Graph showing actual versus projected enrollment in US Northeastern states.

Enrollment in a federally facilitated marketplace state

Despite the fact that New Jersey did not build its own exchange and did relatively little at the state level to promote the Affordable Care Act, New Jersey’s enrollment performance was not significantly different than that of New York, Rhode Island, and Connecticut, three states that are considered to have built successful state marketplaces. Based on the Urban Institute’s enrollment projections, New Jersey was predicted to have similar enrollment to these other states, due to basic similarities in the demographic characteristics of the eligible population. New Jersey had similar projections but better performance than Massachusetts, which had a notoriously unsuccessful experience with their exchange. New Jersey also had similar projections but poorer performance as compared with Vermont, which has already enrolled about 70 percent of their estimated eligible population and leads all states in this regard.

It is interesting to note that as a state with a federally-facilitated marketplace (FFM), New Jersey had access to far fewer resources devoted to outreach and enrollment as compared to states with state-based exchanges. In fact, a recent analysis of federal consumer assistance funds shows that New Jersey had approximately $6 per uninsured resident as compared with at least $17 per uninsured resident in other Northeastern states who created their own exchanges.

This similarity in enrollment between New Jersey and other Northeastern states is consistent with prior analysis of the HRMS-NJ, which showed that New Jersey residents were like their regional peers in terms of their awareness of the coverage opportunities made available by the Affordable Care Act and their likelihood of visiting the Marketplace. New Jersey residents were less likely, however, to report that the Marketplace was easy to use, and also had lower levels of health insurance literacy, relative to other residents of Northeastern states.

Looking ahead

The general increase in health insurance coverage among nonelderly adults observed nationally has also been seen in New Jersey, and while it is not possible to break down this trend by coverage source, approximately nine percent of respondents reported obtaining coverage from the Marketplace, an estimate which seems broadly consistent with enrollment numbers reported by ASPE.  It is not currently known what share of those who obtained coverage in the Marketplace were previously uninsured; nor is it known what share of those who enrolled in marketplace plans have actually paid their premiums and maintained their coverage.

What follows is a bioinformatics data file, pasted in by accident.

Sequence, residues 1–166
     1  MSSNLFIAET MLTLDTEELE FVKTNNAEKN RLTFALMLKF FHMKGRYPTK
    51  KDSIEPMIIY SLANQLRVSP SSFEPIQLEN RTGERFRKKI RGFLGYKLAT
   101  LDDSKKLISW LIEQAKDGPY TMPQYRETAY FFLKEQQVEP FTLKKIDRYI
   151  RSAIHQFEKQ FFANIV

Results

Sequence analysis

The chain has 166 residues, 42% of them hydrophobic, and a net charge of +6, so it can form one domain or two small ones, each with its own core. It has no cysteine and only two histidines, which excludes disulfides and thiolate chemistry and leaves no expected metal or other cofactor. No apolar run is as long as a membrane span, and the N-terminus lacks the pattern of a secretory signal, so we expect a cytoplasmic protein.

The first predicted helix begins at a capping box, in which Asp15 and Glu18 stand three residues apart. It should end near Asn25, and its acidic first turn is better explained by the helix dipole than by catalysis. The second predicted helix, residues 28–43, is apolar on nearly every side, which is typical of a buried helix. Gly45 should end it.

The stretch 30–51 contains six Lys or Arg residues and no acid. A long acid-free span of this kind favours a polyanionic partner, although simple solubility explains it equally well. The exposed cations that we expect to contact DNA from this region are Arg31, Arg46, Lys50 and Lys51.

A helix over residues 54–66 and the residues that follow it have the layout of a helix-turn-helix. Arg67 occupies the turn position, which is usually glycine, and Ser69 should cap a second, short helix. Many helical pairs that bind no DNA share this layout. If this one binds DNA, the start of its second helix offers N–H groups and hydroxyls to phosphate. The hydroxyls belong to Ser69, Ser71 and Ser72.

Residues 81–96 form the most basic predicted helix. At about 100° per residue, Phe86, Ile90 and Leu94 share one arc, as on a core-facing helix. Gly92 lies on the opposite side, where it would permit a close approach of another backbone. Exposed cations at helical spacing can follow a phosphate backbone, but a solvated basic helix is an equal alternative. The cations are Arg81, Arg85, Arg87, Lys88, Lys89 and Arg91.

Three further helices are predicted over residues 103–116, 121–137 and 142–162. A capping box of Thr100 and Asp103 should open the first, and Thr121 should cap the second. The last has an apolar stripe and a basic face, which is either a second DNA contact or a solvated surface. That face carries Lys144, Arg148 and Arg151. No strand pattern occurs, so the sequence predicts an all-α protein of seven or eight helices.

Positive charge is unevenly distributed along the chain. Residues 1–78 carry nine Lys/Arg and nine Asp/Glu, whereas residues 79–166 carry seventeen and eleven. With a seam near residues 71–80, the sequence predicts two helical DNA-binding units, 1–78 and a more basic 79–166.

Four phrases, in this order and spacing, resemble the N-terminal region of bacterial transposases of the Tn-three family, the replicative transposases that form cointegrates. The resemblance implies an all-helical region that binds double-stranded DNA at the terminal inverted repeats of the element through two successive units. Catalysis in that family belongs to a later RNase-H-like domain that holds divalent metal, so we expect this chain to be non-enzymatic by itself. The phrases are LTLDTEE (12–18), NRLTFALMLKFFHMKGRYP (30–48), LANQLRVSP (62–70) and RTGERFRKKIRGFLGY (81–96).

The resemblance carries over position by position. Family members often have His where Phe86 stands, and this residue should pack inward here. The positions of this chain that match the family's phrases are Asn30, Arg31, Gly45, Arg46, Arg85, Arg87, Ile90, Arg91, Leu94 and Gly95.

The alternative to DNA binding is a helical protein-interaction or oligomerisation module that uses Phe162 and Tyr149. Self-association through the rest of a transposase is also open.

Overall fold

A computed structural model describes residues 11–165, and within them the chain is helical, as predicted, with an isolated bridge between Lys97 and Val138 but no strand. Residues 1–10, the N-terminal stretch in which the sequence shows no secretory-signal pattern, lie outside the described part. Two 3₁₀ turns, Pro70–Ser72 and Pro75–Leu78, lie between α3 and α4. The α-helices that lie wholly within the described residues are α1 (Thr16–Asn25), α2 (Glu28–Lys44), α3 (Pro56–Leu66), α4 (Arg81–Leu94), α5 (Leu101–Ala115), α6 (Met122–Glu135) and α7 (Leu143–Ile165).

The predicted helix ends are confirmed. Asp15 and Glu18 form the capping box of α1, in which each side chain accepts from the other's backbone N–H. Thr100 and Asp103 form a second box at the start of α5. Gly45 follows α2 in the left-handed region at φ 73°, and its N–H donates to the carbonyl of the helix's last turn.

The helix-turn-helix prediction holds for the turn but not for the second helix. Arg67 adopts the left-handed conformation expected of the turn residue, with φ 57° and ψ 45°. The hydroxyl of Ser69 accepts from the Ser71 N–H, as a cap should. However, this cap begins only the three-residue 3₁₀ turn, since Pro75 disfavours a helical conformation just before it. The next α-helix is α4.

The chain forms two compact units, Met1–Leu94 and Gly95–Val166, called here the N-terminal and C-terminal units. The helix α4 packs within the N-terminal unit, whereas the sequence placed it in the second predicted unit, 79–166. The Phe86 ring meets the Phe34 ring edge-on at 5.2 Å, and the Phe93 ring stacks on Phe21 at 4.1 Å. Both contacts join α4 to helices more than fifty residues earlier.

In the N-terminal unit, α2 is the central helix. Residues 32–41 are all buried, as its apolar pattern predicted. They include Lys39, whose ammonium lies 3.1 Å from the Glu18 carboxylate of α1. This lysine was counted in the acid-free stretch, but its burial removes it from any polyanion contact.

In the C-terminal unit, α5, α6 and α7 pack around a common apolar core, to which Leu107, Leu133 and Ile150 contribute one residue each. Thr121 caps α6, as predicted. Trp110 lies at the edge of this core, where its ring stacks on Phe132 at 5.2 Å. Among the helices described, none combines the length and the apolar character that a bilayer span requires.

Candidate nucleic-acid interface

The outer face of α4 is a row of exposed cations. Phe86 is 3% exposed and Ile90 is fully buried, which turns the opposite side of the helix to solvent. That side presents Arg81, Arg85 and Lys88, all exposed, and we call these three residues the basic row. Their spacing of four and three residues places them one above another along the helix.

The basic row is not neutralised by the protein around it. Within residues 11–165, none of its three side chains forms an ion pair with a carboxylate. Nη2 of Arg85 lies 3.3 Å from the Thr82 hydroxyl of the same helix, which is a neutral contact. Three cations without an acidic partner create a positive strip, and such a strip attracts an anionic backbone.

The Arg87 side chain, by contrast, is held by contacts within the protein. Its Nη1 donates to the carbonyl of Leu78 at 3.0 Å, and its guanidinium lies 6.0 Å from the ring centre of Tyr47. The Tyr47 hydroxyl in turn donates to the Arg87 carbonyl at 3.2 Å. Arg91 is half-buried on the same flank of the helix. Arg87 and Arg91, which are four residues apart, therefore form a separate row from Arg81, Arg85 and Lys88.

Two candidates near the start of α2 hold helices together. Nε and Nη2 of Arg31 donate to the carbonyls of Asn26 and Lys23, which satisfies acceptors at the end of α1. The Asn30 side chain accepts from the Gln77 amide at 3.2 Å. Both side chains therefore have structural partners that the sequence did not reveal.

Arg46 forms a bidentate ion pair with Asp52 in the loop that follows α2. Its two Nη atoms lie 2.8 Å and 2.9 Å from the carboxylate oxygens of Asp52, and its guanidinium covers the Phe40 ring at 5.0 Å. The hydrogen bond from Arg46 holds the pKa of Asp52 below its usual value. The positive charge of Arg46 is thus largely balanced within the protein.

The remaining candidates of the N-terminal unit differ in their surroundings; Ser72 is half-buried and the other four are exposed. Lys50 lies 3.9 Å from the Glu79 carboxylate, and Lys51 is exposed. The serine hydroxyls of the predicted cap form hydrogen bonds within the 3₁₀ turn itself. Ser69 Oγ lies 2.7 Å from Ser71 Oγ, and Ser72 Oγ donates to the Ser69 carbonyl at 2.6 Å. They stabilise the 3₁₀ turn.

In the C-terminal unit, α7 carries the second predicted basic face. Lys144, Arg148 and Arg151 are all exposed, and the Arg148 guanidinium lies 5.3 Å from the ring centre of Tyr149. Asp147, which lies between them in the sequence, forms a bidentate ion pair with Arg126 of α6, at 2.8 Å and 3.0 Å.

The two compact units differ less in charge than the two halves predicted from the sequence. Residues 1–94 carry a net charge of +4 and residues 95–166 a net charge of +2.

Looking ahead, there are many questions to be answered regarding access to care, cost sharing, and premium levels for those with marketplace plans, and it remains to be seen whether coverage levels will increase further, stay the same, or decline. But at the end of the first open enrollment period, early data suggests that New Jersey’s experience with the Affordable Care Act has been similar to that experienced elsewhere. There have been increases in insurance coverage like those observed nationally, and trends in enrollment that are comparable to other Northeastern states. The fact that New Jersey, unlike many other Northeastern states, did not create a state exchange, yet appeared to achieve comparable results, raises interesting questions about the relative importance of exchange characteristics versus demographic characteristics, at least for this early phase of enrollment.

Disclaimer: The Health Reform Monitoring Survey (HRMS), a quarterly survey designed to support timely monitoring of the Affordable Care Act (ACA) for the nation and select groups of states, was developed by the Urban Institute, fielded by GfK, and jointly funded by the Robert Wood Johnson Foundation, the Ford Foundation, and the Urban Institute.  The Urban Institute has allowed other organizations to fund supplemental surveys with state-specific oversamples based on the HRMS, including the oversample for New Jersey that is used in this work.  The analyses and conclusions based on HRMS-New Jersey are those of the authors and do not represent the views of the Urban Institute, the Robert Wood Johnson Foundation, or the Ford Foundation.